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What is Preposition?

Preposition, as the name suggests, literally means that which is placed before.

A preposition is a word that shows the relationship between a noun or pronoun and other words in a sentence. It indicates location, direction, time, or the way in which different elements in a sentence relate to each other.

Prepositions are typically single words, such as in, on, with, at, under, over, between, through, beside, beneath, etc, and sometimes group of words, such as in regard to and with reference to. However, there are many prepositions in the English language and they are generally set before other words to connect them, and to indicate the relation which they bear to each other.

Prepositions are mostly placed before nounsOpens in new window and pronounsOpens in new window to show place, position, time or method and are used in a wide range of sentence structures, including:

  1. describe location as,

    • The cat is on the table.
  2. show time:

    • We will meet at 4:00 PM.
  3. indicate direction:

    • She walked through the forest.
  4. show possession:

    • The book belongs to Sarah.

Also, in the sentences below, the words in emphasis are prepositions:

  • He drew comic pictures on the wall.
  • The toy was found under the bed.
  • The party starts at 7pm.
  • She will visit Kenya in August.
  • They were discussing about the movie.
  • She reports to me.

Types of Preposition

Prepositions are generally classified into three classes: simple preposition, compound preposition and complex prepositions.

  1. Simple Prepositionsare the most common prepositions; they include: in, on, of, at, from, among, between, over, with, through, and without.
  2. Compound Prepositionsare usually a combination of two prepositions used together as one; they include: into, onto / on to (on to is British English, onto is American English), out of.
  3. Complex prepositionsThese are two or three word phrase that functions in the same way as a simple preposition, they include: according to, as well as, except for, in favor of, etc.

Prepositions frequently combine with other words in structure known as prepositional phraseOpens in new window. In this structure, a preposition is followed by a determinerOpens in new window and an adjectiveOpens in new window or two, followed by a pronounOpens in new window or nounOpens in new window known as object of the prepositionOpens in new window.

This whole phraseOpens in new window, in turn, takes on a modifying role:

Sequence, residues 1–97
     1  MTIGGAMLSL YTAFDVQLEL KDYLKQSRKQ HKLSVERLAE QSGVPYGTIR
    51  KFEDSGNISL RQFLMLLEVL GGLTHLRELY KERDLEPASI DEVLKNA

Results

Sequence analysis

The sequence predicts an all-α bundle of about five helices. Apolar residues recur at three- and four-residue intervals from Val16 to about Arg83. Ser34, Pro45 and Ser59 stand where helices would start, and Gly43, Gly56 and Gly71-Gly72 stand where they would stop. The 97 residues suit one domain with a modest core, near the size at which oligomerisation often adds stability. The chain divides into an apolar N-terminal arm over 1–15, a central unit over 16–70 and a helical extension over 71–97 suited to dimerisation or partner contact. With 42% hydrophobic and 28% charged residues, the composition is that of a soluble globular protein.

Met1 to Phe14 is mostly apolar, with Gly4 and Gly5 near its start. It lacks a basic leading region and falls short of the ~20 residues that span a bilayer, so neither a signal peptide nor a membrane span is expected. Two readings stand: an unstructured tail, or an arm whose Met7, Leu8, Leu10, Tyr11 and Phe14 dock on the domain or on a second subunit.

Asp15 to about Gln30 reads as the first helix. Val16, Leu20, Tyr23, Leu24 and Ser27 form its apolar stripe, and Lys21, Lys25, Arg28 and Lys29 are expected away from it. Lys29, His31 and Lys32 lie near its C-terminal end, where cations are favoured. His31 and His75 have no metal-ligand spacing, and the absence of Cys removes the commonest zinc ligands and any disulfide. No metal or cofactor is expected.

• acting as an adjective or an adverb,
  • locating something in time and space,
  • modifying a noun, or telling when or where or under what conditions something happened.

Characteristics of Preposition

Prepositions are important elements of language that serve to establish relationships between various elements in a sentence. They are typically short words that convey spatial, temporal, or logical relationships. Here are some key characteristics of prepositions:

  1. Location and Relationship

    Prepositions are used to show the relationship between a noun (or pronoun) and other elements in a sentence, such as another noun, verb, or adjective. They help specify the location, direction, time, or manner of an action or state.

  2. Single Words

    Prepositions are typically single words, such as "in," "on," "with," "at," "under," "over," "between," "through," and "beneath." These words are used to connect various parts of a sentence.

  3. Prepositional Phrases

    Prepositions are often followed by one or more objects to create prepositional phrasesOpens in new window. For example, in the phrase "in the house," "in" is the preposition, and "the house" is the object of the preposition.

  4. Function

    Prepositions primarily serve a grammatical function in a sentence. They do not typically convey the main action or idea but help clarify the relationships between other words in the sentence.

  5. Variability

    Prepositions can change in meaning or usage in different contexts. For example, "in" can indicate location ("She is in the room") or time ("I will see you in an hour").

    The preposition is sometimes separated from the relative which it governs; for example, as, ("Whom shall I give it to?") instead of ("To whom shall I give it?") Placing it next to the word governed, is preferable.

  6. No Action Verbs

    Prepositions are not action verbs. Instead, they typically connect nouns or pronouns with the rest of the sentence and help clarify the relationships between them.

  7. Inseparable Prepositions

    Some prepositions, like "onto" and "into," must be used with their objects (e.g., "I jumped onto the bed"). These are called inseparable prepositions.